They have. In May 2010, officials announced that Dublin would become the North American headquarters of MAGE SOLAR Projects, Inc., a division of German-based MAGE SOLAR. In addition to a manufacturing facility producing solar panels, the headquarters will house a solar academy to promote knowledge and training in the solar industry. The move brings an investment of $30 million into the community and at least 350 jobs over the next five years.
 

Best says continued economic development means education remains the top focus. To that end, the city’s school system is introducing a “theme-based” charter school plan for its three elementary schools. “Dublin is a neat small southern city that is also very progressive in their thinking,” says Dr. Charles Ledbetter, superintendent of the Dublin City School system.
 

“Our stakeholders – parents, teachers, city leaders – know that anything that’s going to cause economic growth will require education. These days that means more than just knowing facts. It means understanding how to acquire and apply the knowledge, how to work with other people and how to think critically.”
 

The theme schools, one with a service project-based focus, one with a math/science/technology focus, and one with an arts focus, will teach the same Georgia Perfor-mance Standards curriculum but provide in-struction through more personalized learning styles.
 

Parents and students choose whichever school best suits the student. Ledbetter says most community concerns had to do with school populations not becoming segregated by neighborhood. “We addressed that issue, which is a real cause for concern, by offering transportation to students no matter where they live or which school parents choose,” he says.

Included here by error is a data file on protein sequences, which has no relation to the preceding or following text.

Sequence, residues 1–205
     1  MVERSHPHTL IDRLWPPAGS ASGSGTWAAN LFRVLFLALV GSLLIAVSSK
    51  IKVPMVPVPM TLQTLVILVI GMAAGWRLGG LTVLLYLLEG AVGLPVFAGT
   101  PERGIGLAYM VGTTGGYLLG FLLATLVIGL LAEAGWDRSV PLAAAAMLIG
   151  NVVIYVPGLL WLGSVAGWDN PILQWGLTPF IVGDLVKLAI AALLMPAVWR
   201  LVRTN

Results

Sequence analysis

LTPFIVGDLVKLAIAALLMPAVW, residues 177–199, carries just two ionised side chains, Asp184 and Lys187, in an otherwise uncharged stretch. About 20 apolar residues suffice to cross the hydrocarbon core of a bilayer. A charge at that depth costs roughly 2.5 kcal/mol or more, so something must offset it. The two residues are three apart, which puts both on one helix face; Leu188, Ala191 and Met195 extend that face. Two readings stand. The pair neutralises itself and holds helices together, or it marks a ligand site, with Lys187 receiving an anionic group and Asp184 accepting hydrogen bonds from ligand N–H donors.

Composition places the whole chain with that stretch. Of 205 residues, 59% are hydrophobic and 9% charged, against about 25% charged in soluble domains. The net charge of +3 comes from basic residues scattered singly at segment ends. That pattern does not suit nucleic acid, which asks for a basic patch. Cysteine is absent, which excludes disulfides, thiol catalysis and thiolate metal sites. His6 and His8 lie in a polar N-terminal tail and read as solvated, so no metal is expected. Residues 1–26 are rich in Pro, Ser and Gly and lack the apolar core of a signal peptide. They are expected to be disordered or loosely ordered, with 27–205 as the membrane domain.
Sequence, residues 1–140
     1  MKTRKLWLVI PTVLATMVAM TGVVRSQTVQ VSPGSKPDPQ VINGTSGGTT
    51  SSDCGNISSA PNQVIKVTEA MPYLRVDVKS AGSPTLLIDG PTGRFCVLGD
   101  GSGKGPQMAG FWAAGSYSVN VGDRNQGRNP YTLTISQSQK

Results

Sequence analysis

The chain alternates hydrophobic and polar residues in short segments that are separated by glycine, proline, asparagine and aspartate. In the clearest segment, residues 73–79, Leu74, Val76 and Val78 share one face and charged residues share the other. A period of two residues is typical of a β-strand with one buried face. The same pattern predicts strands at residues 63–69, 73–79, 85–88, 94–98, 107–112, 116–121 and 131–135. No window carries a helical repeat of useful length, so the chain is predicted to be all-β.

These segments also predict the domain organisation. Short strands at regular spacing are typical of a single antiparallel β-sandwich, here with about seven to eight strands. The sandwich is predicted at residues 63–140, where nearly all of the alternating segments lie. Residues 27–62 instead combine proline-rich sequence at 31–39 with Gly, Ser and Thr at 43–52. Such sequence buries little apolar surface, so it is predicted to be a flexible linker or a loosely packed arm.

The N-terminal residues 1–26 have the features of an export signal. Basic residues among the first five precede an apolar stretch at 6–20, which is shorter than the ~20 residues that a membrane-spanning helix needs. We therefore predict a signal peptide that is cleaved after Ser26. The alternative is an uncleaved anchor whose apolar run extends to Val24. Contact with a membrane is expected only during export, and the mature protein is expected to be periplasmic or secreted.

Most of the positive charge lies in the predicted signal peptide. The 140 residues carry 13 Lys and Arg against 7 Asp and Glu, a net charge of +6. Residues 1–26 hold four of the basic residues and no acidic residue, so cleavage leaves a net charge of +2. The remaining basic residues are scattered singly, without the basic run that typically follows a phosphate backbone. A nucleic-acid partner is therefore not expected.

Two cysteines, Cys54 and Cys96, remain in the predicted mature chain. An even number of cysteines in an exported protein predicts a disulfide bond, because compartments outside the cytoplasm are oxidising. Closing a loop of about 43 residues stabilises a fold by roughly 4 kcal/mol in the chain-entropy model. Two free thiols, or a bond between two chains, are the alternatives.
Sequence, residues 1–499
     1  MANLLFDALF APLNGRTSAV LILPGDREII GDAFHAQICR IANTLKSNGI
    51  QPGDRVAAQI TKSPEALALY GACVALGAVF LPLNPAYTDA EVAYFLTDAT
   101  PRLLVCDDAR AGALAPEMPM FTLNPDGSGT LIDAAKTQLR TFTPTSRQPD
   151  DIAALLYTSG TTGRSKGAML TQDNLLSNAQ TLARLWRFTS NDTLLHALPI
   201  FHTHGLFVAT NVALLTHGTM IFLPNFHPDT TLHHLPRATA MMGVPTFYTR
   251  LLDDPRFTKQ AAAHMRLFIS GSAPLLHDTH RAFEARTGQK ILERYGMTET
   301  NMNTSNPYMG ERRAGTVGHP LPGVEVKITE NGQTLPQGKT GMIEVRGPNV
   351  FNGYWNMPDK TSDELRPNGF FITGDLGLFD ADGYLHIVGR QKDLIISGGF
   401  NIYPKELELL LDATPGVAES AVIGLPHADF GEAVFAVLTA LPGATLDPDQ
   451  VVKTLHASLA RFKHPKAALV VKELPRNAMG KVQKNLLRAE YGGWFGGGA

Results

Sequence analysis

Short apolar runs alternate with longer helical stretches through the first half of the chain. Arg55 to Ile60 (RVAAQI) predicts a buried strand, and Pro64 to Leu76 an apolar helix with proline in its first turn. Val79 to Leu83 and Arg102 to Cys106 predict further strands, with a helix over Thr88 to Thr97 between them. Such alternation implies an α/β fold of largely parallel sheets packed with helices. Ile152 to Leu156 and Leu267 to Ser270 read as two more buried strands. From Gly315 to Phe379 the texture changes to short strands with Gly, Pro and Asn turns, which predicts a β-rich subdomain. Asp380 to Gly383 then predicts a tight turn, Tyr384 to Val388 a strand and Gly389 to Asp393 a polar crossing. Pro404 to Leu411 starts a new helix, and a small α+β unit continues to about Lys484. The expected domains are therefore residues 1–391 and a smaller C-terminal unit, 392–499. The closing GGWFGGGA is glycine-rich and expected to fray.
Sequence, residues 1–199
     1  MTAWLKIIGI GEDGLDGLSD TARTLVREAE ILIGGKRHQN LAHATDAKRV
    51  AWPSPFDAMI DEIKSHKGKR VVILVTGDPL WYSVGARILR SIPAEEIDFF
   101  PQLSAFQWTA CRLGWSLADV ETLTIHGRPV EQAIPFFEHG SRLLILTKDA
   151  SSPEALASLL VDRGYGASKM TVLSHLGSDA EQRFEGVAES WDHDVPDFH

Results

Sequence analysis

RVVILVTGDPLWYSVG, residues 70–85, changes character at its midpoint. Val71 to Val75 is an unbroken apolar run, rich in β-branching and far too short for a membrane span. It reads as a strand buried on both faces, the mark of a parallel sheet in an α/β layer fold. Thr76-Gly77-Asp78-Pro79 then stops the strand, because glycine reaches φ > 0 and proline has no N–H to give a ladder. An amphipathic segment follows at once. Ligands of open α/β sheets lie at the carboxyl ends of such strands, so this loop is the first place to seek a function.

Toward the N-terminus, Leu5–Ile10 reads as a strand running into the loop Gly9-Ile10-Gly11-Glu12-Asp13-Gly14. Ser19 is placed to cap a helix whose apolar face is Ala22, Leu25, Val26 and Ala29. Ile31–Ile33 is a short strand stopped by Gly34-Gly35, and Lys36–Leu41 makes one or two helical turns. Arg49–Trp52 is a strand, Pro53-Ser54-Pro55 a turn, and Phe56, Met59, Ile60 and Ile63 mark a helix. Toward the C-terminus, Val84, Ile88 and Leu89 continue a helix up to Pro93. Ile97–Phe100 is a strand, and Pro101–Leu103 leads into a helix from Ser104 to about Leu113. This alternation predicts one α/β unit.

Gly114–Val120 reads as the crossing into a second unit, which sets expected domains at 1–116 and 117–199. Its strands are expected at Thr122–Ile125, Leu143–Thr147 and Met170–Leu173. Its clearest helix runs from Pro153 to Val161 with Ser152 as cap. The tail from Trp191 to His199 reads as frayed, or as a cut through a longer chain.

Ledbetter says the school system knows it plays a vital role in the economic health of the community. “Education is one of the biggest factors in bringing business and industry in,” he says. “We want people to be proud to put their children in our system.” – PR


 

Bainbridge


Ready For Its Closeup
 

Last fall when about 125 members of a motion picture cast and crew descended on Bainbridge for the 25-day filming of Fishers of Men, local citizens had an opportunity to make appearances as extras and local businesses had the opportunity to put a little extra cash in their tills.
 

The film’s producers selected Bainbridge as a set for their movie because it so easily fit the bill as a ‘50s small town, says Mayor Edward Reynolds. “About all they had to do was park some vintage cars downtown,” says Reynolds. “They liked our scenery, the river, the lake and our historic buildings, and they stayed a couple of months.”
 

Merchants liked the estimated $600,000 the filming left in local cash registers. At about the time the film crew was having a wrap party to celebrate the final day of shooting, 400 bass fishermen showed up for a tournament, lending credence to the community’s title as the Bass Capital of Georgia and distributing more than $500,000 in retail sales, according to estimates provided by Reynolds.
 

With the production company, Desert Wind Films, considering Bainbridge for a return en-gagement, Disney location selectors eyeballing the same neighborhoods, and the bass fishermen guaranteed to return for another tournament on the community’s 37,000-acre Lake Sem-inole, Bainbridge’s continuing economic development appears to be a natural thing.